Long-time friends and stories are sure to be shared when the Cohn High football heritage will be celebrated on Sunday.
Players, friends and family will celebrate the football tradition of the old school at the school gymnasium, still at the same location on 4805 Park Ave., just off Charlotte Avenue.
The campus is currently the Cohn Adult Learning Center. Cohn merged with old Pearl High to become Pearl-Cohn in 1983, ending the existence for the west Nashville school which opened in 1928.
“It’s a chance for a lot of old teammates and friends of the school to get together and honor the heritage and tradition of Cohn football in the 1950s and early 1960s, events that occurred a half-century ago,’’ said Cohn activities co-ordinator Bobby Strickland, a 1961 graduate of Cohn.
Doors open at 1:30 p.m. Sunday, with the program beginning at 2:30.
“There will be pictures, uniforms, jackets, scrapbooks and all kinds of memorabilia,’’ he said. “Things that are sure to bring back lots of memories,’’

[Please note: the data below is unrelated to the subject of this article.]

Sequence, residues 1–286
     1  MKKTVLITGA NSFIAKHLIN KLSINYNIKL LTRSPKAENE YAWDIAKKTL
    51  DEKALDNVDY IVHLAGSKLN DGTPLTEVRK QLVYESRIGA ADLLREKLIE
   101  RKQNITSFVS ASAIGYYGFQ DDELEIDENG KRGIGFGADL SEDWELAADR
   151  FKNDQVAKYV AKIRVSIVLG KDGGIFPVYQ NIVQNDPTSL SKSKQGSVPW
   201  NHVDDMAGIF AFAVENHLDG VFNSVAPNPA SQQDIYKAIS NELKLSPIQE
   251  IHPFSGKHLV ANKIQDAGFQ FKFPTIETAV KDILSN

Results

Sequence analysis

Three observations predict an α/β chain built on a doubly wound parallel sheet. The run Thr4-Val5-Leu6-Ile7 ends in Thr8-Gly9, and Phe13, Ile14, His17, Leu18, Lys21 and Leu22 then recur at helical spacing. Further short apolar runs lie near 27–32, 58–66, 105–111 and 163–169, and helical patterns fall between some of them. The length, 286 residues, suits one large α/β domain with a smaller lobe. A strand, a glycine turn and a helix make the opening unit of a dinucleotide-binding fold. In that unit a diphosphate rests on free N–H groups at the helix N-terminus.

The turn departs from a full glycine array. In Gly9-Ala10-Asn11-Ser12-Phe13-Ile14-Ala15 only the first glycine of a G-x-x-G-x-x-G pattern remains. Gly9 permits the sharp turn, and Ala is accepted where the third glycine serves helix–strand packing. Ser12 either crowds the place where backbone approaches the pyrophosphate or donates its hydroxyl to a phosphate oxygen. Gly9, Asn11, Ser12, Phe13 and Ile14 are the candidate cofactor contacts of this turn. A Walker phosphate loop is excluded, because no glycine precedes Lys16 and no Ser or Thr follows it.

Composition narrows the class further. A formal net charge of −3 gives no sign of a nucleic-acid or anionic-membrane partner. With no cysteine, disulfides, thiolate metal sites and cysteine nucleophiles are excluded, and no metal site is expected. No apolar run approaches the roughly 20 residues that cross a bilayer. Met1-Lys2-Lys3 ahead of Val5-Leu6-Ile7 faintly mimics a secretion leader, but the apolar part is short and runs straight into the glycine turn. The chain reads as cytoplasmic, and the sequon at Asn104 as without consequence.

Of note, Strickland said recognition will be given to the four bowl teams during that era, Cohn teams that participated in the 1957 Exchange Bowl, 1959 Exchange Bowl, the 1961 Jaycee Bowl and 1966 Rebel Bowl.
Also, the three straight championship teams of the old NIL (Nashville Interscholastic League) of 1945, 1946 and 1947 will be recognized.
Cohn had five players who won the prestigious Hume Award: J.B. Proctor (1945), Don Rucker (twice, 1951, 1952), Kayo Smith (1955), Tommy Wells (1956) and Butch Stinson (1968). Since early October, three former players have passed away — Smith, Thomas Green and Roy Clary. All will be honored.
“We had some truly outstanding players like Wells and Stinson, Maxie Runion, Buck Dozier, Kayo Smith, Danny Burns, so many others, all these guys just stood out,’’ Strickland said.
In the mid-1950s, there were occasional NIL double-headers played at one field. One story Strickland related occurred Sept. 20, 1956. “The first game started at 7:15, and Cohn was playing Ryan at 9:15 (Cohn won 26-0),’’ he said.
“One of our top players, Kenny Ray Davidson, suffered a broken leg, and was sent to the hospital. Hospital people were wondering why he didn’t get to the hospital until about 10:30, and then they were told that the game didn’t start until 9:15,’’ he said.
Strickland, retired, is currently working in the Cohn Adult Learning Center, which is formerly the high school. Through the years, the school had nicknames of Panthers, Tigers and Black Knights.